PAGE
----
The aim of the game is to present your chosen lure close to the seabed, while drifting towards and then over your feature. You want to be able to feel your lure at all times on a tight line, using the lightest lure you can get away with for the depth and conditions. Typically, with balanced tackle, you’ll be fishing with anything from 40 to 120g, with 60 to 90g more the norm for where we fish. If your lure sinks like a stone, you get less hang time, which is where the bites tend to come the most. Too little weight and you won’t reach the bottom or won’t feel the bottom, and you’ll get snagged. It’s a fine line, but after you’ve played the game of sacrifice to the reef gods with your handsome lures, you soon get a feel for what’s needed.
Open the bail arm at the start of the drift and let the lure find the bottom. You then need to gain contact immediately with the lure by closing the bail arm and lifting your rod. This is the pitch. Pitch the lure upwards. Some days you’ll lift the rod tip three feet, sometimes it will be six feet. The key, is always to stay in contact with that lure on the drop. Keep your line taut, a considerable percentage of your hits will come on the drop, hit them hard!
It’s important to remember that as you’re drifting along, you’ll be heading up the feature, so the water will shallow. Some marks might have half the depth in only a short distance. You’ll need to retrieve the line as you lift, or risk leaving your lure behind. If this happens, your presentation will be affected and your risk of snagging massively increases. You need to keep the lure vertical at all times, if possible.
Once you get to grips with the technique, you’ll want to start casting your lure towards the feature. This is especially critical on fast days when the tide is racing, or the wind is adding to the speed of your drift. This can be called traction, or, downtide jigging. It is a tactic that can add fish on days when fish are spooked by the boat. Get this tactic right with the lure hanging in the tide, and it can pick off the wiser, older and bigger fish.
Boat Bass Lure Fishing Tackle
Long gone are the days of 12/20lb class rods, 12oz leads, 40lb leaders and everything else you associate with fishing over rougher ground and features. You don’t need these to fish wrecks, banks, or reefs when targeting bass. Scale down, and it shouldn’t cost you fish, it should gain them! You might lose a few lures, but, let’s be honest, if you get a hook in a reef with line from 10 to 40lbs, 99 out of 100 times you’re going to lose the lure.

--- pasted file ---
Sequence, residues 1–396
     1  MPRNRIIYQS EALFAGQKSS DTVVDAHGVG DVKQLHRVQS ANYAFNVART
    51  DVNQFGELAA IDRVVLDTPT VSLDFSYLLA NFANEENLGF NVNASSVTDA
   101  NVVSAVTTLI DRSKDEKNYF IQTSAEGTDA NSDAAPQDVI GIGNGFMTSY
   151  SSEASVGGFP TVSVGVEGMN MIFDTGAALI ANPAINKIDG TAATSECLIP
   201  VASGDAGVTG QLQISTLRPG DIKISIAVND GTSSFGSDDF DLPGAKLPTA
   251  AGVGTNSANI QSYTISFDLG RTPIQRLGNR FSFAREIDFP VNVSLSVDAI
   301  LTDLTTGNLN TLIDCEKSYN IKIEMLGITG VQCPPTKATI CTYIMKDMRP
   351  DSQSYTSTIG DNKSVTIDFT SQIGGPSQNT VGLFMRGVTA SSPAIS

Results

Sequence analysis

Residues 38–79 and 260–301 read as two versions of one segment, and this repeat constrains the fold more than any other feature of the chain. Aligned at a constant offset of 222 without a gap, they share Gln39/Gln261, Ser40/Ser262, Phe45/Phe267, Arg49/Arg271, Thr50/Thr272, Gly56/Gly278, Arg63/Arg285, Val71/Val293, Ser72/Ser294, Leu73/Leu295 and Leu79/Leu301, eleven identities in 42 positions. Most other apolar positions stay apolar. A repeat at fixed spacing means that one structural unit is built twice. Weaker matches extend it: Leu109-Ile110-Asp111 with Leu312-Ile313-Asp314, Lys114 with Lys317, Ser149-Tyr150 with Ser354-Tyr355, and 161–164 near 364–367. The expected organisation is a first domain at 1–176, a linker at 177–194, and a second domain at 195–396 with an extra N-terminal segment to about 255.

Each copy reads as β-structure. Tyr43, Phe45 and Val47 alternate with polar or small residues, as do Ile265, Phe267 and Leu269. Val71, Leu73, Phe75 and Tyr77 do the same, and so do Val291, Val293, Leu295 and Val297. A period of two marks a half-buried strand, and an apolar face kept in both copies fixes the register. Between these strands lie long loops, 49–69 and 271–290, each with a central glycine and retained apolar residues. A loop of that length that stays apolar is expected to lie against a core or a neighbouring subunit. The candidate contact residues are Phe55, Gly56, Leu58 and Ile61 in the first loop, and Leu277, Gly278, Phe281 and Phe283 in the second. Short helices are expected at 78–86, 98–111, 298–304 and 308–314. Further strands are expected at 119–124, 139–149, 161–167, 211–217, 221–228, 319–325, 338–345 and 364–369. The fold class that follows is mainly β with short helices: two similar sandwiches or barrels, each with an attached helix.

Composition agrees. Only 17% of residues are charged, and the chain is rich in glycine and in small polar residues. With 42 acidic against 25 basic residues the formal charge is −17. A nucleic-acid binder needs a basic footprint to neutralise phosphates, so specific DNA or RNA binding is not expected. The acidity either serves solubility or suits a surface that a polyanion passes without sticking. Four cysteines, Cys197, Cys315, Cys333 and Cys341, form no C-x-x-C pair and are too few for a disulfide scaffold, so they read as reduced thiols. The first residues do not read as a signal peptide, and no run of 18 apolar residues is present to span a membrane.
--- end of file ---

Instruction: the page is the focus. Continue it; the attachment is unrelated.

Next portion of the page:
I now fish almost exclusively with the HTO Nebula SP rod. There are two versions, the 82 rated up to 160g vertically and the 73, rated at 100g. The 82 is my preferred weapon of choice, I prefer the slightly stiffer tip for setting hooks. I will drop to the lighter version when I’m using 60g lures for added feel. These rods are proven. I witnessed them during testing when they were prototypes on the French wrecks. They’re incredible value for money over other specific vertical lure rods, and you’re sacrificing nothing whatsoever over more expensive options. They’re my go to and the rod I recommend without any hesitation, every time.
I pair up the rod with a 3000 or 4000 sized reel, for me, the HTO Nebula reel and I load it with PE1 (20lb) thickness braid, either the Nebula X8 or No Fade Braid. You can go lighter than PE1 if you need to over cleaner ground, allowing you to use even lighter lures, maximising your hang time and catching more fish. To the braid, I add a Nebula FC fluorocarbon leader from 15lb to 20lb, depending on the ground.
Then we move on to lures. Personally, I keep it simple, picking natural colours, blues, khaki, pearly whites. It’s up to you whether you want a weedless or an open hook. I find myself using open hooks more and more these days. There is a new range of AXIA Mighty Minnows and AXIA Mighty Eels out to cover the heavier end of things, as well as the existing range. You’ll no doubt lose some, so take plenty with you.
It pays to play around on the day. Sometimes colour is key, other days it is all about the profile or the size. Weight is something to adjust too, remember, go as light as you can.
And that is that, my quick guide to fishing for bass on lures from a boat. Hopefully, it has been of use to you if you’re considering trying boat fishing for bass. Fishing from a boat and using the tactics above will offer you the best bet for a double figure fish these days. There are numerous charter boats for lure-specific trips. Pick a good skipper, grab your mates and catch 'em up!
Be Lucky – Rhys.